All it would have taken was a request by Hawke that Djokovic furnish him with material on the issue. As the player had previously pointed out in other media reports, he was “no expert” on vaccinations and was keeping an “open mind” on the issue; he simply wanted to have “an option to choose” what was “best” for his body.
Dark consequences, sinister precedents
On Sunday, January 16, the decision of the full court of the Federal Court was handed down. (Full reasons are yet to be published.) In finding for the Commonwealth, Chief Justice James Allsop affirmed the traditional reservation shown by Australian judges to challenging exercises of executive power. The grounds made by Djokovic “focus on whether the decision was, for different reasons, irrational or legally unreasonable. It is not part or function of the court to decide upon the merit or wisdom of the decision.”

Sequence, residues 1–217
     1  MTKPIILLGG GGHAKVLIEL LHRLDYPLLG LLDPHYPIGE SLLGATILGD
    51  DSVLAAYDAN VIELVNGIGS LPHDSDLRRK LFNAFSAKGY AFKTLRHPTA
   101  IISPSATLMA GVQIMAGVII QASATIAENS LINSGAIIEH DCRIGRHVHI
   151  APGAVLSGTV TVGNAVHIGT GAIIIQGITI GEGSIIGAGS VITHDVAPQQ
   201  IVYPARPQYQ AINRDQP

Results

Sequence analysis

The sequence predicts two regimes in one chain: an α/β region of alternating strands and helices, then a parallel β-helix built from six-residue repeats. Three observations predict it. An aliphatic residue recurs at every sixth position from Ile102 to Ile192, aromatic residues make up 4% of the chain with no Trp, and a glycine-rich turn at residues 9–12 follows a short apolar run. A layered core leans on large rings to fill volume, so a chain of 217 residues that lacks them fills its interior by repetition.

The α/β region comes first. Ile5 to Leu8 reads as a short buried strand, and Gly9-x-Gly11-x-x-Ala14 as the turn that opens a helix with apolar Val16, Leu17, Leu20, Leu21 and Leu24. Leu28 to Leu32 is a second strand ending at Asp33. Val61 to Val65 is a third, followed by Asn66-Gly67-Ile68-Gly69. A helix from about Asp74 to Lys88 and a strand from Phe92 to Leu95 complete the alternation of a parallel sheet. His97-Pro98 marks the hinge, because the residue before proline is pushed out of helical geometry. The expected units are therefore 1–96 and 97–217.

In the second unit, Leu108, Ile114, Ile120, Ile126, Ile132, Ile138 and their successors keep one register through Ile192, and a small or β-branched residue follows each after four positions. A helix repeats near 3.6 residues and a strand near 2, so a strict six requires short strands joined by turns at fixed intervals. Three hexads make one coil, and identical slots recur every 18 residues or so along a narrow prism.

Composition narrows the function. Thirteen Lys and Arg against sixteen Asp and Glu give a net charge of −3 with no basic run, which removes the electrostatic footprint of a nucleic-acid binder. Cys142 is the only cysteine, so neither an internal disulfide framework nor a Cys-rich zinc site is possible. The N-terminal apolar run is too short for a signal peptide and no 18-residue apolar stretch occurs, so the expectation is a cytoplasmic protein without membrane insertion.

The Djokovic precedent presents the authorities with a large tarring brush, one to be used against other notable figures of certain opinions seen to pose a risk to Australia’s public interest. Hypotheticals will suffice, given that the Minister need only be satisfied that the person might be a risk to health, safety and good order.
Such latitude also grants authorities a heavy hand to target future dissent and protest. The Australian government will be able “to justify,” barrister and president of Liberty Victoria Mike Stanton warns, “the suppression of legitimate political expression because others might engage in unrest.”
With a stunning lack of imagination, the Djokovic precedent promises that the executive will not be accountable for the disorder and disruption arising from deporting individuals who might command a following. Oppression promises to be twinned with unpardonable stupidity.
By Dr. Binoy Kampmark, a Commonwealth Scholar at Selwyn College, Cambridge. He also lectures at RMIT University.